Back when I started practicing law, I used to record my time on a docket sheet stapled to the inside front cover of each file. When it came time to bill the file, all of the information that I needed was there for me to use, but I was the only one who had it. Firm management did not have it. They could not tell me that my docketed time for the month was too low, or that I had recorded less time than last month or how my work in process compared to the same month of the year before. They could not easily compare my docketed time to what I had billed and tell me that my write-offs were too high, and they certainly could not look at my work in process and easily tell me how I was doing compared to other associates.
In that far distant past, lawyers kept track of their time to provide useful information as to how much to bill their clients, but they only used it as a guide. They also thought about other things, such as how much experience they had in that type of work, whether they started their draft with a good precedent, how efficient their work had been, the success that their efforts had met with, and even whether their client needed a break due to their financial position. Then they settled on a reasonable fee and sent out their bill.
Back in those days, a lawyer who was not billing “enough” was eventually going to get in trouble with management, but at least they would experience some peace and quiet before the axe fell, free of monthly reminders of all of the different ways in which they were failing to be financially successful.
While I can certainly see the advantages to having an early warning system to alert you that something wicked your way comes and to help you learn how to be more financially efficient, there was also something nice about being able to work away in peace oblivious to your shortcomings.
But it seems that with every step forward in efficiency in life and business, there is a step backward as well, a point which was beautifully made in my favourite play, Inherit the Wind, which premiered in 1955. The story is about a famous legal trial and was written by Jerome Lawrence and Robert Edwin Lee. Addressing the jury, the lawyer says:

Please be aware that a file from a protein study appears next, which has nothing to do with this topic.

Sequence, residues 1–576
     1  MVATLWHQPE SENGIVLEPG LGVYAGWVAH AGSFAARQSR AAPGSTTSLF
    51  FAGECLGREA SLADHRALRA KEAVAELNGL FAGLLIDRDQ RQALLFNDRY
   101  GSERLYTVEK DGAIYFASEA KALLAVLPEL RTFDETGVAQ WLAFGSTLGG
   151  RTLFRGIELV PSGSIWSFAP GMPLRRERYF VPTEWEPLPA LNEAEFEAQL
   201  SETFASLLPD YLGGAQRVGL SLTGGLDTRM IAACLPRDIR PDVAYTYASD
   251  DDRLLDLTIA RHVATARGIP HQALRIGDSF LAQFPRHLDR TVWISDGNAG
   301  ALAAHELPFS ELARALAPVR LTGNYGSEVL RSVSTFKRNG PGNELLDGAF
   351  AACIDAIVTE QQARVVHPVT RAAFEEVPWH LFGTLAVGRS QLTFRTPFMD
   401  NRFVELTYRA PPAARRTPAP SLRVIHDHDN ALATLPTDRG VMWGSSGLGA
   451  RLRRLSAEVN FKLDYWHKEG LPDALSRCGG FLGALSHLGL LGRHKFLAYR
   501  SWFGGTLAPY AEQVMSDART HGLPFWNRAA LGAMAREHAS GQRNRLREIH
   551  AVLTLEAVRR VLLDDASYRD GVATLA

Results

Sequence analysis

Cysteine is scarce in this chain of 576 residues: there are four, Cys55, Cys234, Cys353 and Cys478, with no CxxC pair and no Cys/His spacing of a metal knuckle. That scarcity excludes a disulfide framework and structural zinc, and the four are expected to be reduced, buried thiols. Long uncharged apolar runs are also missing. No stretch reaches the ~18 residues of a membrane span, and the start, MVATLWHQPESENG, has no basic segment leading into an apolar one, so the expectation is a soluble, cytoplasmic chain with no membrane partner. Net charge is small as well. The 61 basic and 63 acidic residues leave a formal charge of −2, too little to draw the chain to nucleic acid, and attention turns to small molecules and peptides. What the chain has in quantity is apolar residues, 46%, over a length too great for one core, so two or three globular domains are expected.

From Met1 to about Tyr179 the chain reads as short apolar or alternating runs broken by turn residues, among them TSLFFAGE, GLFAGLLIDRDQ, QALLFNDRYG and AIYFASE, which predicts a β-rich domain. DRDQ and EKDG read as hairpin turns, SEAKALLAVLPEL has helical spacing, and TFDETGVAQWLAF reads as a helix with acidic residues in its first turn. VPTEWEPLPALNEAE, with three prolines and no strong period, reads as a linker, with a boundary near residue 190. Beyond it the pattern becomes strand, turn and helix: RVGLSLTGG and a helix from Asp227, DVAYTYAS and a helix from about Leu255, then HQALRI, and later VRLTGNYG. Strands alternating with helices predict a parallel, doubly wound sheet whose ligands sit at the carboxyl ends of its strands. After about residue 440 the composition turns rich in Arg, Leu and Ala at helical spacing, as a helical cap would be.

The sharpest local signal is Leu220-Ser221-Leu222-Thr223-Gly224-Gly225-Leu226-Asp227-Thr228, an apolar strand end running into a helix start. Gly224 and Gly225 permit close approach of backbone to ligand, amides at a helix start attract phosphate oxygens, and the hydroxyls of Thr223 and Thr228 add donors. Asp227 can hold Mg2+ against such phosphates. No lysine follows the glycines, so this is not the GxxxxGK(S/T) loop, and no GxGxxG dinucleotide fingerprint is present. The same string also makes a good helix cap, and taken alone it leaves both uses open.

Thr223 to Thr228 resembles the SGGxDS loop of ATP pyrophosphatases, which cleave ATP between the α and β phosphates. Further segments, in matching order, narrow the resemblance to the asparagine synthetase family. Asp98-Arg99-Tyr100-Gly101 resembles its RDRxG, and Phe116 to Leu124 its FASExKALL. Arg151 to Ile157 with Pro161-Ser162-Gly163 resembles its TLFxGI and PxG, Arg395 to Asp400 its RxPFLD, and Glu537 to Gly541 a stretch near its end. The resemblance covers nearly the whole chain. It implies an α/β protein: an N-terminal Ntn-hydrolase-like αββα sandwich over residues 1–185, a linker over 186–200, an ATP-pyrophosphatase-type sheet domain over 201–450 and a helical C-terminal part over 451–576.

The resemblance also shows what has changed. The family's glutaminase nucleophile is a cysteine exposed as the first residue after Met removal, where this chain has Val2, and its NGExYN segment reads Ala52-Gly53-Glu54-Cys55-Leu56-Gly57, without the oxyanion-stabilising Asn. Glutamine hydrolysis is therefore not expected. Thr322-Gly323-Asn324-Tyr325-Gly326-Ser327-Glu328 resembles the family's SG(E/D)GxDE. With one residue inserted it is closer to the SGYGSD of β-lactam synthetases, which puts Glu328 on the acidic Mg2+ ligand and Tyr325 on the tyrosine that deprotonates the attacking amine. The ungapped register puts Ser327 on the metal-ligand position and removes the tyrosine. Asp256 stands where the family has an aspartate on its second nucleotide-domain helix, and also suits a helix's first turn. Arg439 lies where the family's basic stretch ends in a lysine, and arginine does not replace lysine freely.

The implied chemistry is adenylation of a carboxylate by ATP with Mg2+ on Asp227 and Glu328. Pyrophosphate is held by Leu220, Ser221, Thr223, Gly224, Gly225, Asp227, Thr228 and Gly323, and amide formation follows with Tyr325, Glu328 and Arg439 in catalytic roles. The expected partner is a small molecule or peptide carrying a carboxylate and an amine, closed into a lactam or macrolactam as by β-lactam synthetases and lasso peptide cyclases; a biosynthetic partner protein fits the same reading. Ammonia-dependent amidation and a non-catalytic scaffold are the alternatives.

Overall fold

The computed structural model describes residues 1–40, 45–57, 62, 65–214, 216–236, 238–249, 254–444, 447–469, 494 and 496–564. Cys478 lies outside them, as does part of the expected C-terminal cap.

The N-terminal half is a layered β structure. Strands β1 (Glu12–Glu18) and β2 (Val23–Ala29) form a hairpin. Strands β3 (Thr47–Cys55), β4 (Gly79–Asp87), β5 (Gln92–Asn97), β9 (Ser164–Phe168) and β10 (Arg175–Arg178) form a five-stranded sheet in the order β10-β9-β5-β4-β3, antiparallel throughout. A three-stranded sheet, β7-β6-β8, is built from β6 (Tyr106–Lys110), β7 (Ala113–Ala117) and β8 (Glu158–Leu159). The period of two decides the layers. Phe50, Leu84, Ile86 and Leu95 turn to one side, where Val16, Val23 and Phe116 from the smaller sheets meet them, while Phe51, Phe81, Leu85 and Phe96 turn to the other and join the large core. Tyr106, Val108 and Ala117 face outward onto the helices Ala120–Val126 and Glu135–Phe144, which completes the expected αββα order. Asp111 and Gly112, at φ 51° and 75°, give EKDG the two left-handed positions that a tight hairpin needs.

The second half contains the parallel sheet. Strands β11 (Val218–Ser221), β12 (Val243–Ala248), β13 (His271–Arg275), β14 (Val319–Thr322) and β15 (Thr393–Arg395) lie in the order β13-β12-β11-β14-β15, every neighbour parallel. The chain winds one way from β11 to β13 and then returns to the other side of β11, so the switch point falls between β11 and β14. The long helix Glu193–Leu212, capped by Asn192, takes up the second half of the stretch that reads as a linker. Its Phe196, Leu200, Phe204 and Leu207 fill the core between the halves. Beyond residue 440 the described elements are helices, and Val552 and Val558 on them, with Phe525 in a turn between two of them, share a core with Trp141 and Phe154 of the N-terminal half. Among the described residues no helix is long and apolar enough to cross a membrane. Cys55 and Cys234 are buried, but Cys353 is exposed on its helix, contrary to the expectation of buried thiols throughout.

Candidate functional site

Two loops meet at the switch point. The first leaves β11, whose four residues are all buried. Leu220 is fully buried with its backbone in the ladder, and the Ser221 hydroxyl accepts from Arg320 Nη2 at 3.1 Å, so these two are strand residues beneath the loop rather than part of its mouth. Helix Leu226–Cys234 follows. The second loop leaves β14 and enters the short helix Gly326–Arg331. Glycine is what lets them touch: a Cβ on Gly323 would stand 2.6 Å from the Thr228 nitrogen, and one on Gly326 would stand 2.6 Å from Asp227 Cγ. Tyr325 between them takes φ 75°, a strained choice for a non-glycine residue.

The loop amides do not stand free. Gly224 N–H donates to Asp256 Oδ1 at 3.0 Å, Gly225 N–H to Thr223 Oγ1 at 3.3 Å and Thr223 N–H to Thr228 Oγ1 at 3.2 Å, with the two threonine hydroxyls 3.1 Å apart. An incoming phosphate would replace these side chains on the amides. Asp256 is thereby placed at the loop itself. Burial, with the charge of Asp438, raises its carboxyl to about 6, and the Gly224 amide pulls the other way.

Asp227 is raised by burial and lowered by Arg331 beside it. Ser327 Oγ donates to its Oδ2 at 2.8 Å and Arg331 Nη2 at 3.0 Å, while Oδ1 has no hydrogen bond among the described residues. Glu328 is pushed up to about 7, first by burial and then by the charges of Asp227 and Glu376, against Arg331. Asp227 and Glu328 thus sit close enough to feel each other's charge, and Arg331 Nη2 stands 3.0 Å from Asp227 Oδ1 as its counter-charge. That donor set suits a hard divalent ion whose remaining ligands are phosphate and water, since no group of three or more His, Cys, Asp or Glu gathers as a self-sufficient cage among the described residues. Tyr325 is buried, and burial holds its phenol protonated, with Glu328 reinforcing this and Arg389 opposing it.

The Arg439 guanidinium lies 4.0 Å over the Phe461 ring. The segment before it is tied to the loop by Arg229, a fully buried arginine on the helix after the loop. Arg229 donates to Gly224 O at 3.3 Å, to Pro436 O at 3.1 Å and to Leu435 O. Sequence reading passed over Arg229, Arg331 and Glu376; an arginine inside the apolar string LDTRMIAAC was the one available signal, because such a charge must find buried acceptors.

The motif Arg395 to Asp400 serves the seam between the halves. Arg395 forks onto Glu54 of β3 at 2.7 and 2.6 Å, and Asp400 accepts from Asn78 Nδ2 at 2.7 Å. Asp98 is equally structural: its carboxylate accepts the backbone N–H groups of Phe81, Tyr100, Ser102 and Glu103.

Gentlemen, progress has never been a bargain. You have to pay for it. Sometimes I think that there’s a man behind the counter who says, “All right, you can have a telephone, but you’ll have to give up privacy, the charm of distance. Madam, you may vote; but at a price; you lose the right to retreat behind a powder-puff or a petticoat; Mister, you may conquer the air, but the birds will lose their wonder, and the clouds will smell of gasoline.
The disadvantage to management having instant access to all of this information pertaining to the docketing and billing habits of lawyers, is that it creates a relentless pressure on lawyers to meet docketing and billing targets, and not to exceed write-down allowances.
I can understand why a lawyer who is receiving monthly reports highlighting where they are falling short would choose to bill all of their recorded time even if they were not operating at peak efficiency at the time, or the decision to spend hours doing research proved to be a bad one, or their law clerk or student went off in the wrong direction due to their own inexperience or perhaps because the lawyer was too stressed to provide proper instructions.
The Rules of Professional Conduct of The Law Society of Ontario say that legal fees must be “fair and reasonable” and provides some guidance as to what is “fair and reasonable” by saying that it will depend upon a list of factors. The list includes the time and effort required and spent, the difficulty of the matter and the importance of the matter to the client, whether special skill or service has been required, the amount involved or the value of the subject-matter, the results obtained and the experience and ability of the lawyer.
There was a time when most lawyers routinely thought about the list of factors (which quite notably does not include anything about simply billing all of the time that is recorded on the computer) and came up with an amount that was fair in the circumstances. I know for a fact that many lawyers still do that today, as they are supposed to. However, I am equally certain that there are also many lawyers who routinely bill the amount that is recorded in their accounting software without much thought about it.
The days when the vast majority of lawyers put a great deal of thought into what constitutes reasonable billing as opposed to simply billing whatever time has been docketed on the computer have been lost to progress and the pressure on them to meet budgets.
One wonders whether the Law Society should update its rules to match what is going on in real life.